Lyakhovsky Islands

From Wikipedia, the free encyclopedia
Jump to: navigation, search
Lyakhovsky Islands
Native name: Ляховские острова
New Siberian Islands MODIS.jpg
Aqua MODIS satellite image of the Lyakhovsky Islands
RussiaLyakhovskiyIslands.png
Geography
Location Laptev Sea
Coordinates 74°39′36″N 141°59′14″E / 74.66000°N 141.98722°E / 74.66000; 141.98722Coordinates: 74°39′36″N 141°59′14″E / 74.66000°N 141.98722°E / 74.66000; 141.98722
Archipelago Lyakhovsky Islands
Total islands 6
Administration
Russia
Krai Krasnoyarsk Krai
Demographics
Population uninhabited

The Lyakhovsky Islands (Russian: Ляховские острова Lyakhovskiye ostrova) are the southernmost group of the New Siberian Islands in the arctic seas of eastern Russia. The islands are named in honour of Ivan Lyakhov, who explored them in 1773.

Geography[edit]

They are separated from the mainland by the Laptev Strait (60 km wide), and from the Anzhu Islands group by the Sannikov Strait (50 km). Two islands dominate the group:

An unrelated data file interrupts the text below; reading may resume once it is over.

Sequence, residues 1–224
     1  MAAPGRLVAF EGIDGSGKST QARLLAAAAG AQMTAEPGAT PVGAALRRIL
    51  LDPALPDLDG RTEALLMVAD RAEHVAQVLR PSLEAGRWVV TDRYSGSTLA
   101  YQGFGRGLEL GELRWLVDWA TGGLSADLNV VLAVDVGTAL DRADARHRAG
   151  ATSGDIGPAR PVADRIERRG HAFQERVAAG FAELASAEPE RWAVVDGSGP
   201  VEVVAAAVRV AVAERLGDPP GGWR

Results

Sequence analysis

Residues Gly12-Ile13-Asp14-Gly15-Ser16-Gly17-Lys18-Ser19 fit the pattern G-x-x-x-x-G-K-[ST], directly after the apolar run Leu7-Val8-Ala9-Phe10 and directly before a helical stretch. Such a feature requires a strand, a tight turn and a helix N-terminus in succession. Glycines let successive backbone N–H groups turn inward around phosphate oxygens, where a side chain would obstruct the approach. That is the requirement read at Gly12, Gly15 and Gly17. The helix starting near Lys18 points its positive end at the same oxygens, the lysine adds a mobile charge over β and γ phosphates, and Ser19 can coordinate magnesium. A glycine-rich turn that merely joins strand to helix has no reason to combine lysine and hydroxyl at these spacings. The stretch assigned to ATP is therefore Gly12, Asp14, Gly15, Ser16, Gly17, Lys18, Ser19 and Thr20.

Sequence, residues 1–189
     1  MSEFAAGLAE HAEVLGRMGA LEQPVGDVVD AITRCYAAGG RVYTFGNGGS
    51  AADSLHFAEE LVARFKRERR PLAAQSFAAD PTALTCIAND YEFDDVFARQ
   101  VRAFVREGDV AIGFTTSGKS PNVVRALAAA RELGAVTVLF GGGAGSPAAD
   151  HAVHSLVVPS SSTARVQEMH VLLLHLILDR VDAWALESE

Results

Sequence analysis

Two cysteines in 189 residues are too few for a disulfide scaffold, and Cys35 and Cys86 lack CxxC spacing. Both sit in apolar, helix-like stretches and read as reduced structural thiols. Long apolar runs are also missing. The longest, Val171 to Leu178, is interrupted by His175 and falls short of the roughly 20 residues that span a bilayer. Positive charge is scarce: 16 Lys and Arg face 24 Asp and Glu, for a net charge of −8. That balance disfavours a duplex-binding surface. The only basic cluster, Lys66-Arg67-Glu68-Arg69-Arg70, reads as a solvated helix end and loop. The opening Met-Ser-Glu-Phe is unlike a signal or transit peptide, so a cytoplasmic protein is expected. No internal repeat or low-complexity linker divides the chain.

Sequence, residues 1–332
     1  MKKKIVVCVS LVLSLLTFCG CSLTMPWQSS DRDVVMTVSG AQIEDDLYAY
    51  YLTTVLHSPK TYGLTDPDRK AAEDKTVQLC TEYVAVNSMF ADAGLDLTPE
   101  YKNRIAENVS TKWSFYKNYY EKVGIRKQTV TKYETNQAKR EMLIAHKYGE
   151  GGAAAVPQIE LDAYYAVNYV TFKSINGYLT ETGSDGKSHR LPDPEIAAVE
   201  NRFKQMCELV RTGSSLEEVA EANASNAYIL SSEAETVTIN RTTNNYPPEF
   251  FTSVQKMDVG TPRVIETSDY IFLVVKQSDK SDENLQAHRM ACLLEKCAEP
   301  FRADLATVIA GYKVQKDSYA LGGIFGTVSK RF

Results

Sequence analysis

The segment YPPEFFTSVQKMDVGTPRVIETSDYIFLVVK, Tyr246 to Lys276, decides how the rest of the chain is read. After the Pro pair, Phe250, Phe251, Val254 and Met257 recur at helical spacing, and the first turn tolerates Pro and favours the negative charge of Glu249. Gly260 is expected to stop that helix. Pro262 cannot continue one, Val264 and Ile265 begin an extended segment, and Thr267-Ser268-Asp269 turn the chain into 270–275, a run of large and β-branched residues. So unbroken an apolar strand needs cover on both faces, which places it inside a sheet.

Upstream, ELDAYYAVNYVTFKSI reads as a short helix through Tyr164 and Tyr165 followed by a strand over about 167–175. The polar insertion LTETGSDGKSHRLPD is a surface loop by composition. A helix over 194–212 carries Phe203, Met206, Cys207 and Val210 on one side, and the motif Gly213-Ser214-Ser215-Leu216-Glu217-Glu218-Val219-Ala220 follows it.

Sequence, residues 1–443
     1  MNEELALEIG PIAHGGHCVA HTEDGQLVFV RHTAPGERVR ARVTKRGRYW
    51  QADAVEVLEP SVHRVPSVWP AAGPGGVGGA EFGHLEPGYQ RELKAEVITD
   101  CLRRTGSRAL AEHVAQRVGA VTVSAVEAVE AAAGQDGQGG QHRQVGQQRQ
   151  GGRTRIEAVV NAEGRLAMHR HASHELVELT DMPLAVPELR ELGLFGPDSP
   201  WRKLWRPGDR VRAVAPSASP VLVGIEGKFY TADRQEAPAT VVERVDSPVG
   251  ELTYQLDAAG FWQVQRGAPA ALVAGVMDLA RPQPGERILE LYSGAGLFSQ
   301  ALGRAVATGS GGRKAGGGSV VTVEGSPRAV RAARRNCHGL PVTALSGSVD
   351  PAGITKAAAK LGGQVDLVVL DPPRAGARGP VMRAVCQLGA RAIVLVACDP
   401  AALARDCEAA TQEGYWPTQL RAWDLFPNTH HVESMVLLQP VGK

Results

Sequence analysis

• Great Lyakhovsky Island (Большой Ляховский: Bolshoy Lyakhovsky) 4,600 km² with a maximum altitude of 270 m on Emy Tas
  • Little Lyakhovsky Island (Малый Ляховский: Maly Lyakhovsky) 1,325 km²
  • Stolbovoy is a large island detached from the group.
  • Off Great Lyakhovsky Island's southwestern cape lies a small islet called Ostrov Khopto-Terer.
  • Semyonovsky Island has now disappeared after heavy erosion.Before its disappearance, it was at 4 km2, one of the smallest islands in the archipelago.[1][2]

In popular culture[edit]

Part of the action of two novels by Jules Verne, Waif of the Cynthia (1885) and César Cascabel (1890), takes place there. In the latter, the term "Liakhov Islands" refers to the New Siberian group as a whole, as the principal action is on Kotelny Island.

References[edit]

  1. ^ Grigorov, I.P., 1946, Disappearing islands. Priroda, pp. 58–65 (in Russian)
  2. ^ Gavrilov, A.V., N.N. Romanovskii, V.E. Romanovsky, H.-W. Hubberten, and V. E. Tumskoy, 2003, Reconstruction of Ice Complex Remnants on the Eastern Siberian Arctic Shelf. Permafrost and Periglacial Processes. vol. 14, pp. 187–198.

External links[edit]